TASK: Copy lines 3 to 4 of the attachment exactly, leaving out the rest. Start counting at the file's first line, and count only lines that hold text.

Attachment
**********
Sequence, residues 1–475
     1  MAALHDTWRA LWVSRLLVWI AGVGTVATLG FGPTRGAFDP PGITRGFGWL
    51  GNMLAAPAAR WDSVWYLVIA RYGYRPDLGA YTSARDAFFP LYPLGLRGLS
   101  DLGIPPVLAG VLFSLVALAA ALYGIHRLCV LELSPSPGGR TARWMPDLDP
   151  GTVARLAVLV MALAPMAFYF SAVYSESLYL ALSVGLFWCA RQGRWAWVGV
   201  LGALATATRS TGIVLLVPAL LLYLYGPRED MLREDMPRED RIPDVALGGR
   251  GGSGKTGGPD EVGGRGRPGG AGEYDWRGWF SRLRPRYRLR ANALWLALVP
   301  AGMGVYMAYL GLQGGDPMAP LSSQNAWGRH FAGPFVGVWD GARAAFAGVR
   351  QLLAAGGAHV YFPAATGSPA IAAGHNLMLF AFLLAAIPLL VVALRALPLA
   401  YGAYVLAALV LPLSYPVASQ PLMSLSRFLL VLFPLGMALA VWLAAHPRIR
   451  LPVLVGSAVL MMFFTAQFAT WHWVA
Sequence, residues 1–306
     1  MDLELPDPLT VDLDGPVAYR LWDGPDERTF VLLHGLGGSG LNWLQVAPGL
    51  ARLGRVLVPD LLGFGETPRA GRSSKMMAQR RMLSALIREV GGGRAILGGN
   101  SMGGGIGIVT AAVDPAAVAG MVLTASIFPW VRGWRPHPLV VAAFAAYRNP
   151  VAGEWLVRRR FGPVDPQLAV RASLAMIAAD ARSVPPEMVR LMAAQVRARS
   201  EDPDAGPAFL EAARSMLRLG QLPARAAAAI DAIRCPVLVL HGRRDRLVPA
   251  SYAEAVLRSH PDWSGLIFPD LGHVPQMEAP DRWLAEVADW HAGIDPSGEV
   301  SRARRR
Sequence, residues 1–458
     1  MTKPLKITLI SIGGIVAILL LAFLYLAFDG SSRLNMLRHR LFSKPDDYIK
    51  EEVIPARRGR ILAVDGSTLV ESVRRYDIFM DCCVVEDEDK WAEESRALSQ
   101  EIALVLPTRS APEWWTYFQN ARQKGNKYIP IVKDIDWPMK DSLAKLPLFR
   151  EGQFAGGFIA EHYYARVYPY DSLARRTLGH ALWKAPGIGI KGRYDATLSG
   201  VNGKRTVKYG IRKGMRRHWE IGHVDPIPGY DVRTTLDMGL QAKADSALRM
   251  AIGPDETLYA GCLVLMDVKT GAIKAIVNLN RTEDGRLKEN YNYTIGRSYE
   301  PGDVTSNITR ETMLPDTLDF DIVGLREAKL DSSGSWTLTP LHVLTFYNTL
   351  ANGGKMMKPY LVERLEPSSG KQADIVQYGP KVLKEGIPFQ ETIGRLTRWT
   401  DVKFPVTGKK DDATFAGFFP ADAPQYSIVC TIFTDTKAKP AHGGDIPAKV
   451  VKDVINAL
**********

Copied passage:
    51  GNMLAAPAAR WDSVWYLVIA RYGYRPDLGA YTSARDAFFP LYPLGLRGLS
   101  DLGIPPVLAG VLFSLVALAA ALYGIHRLCV LELSPSPGGR TARWMPDLDP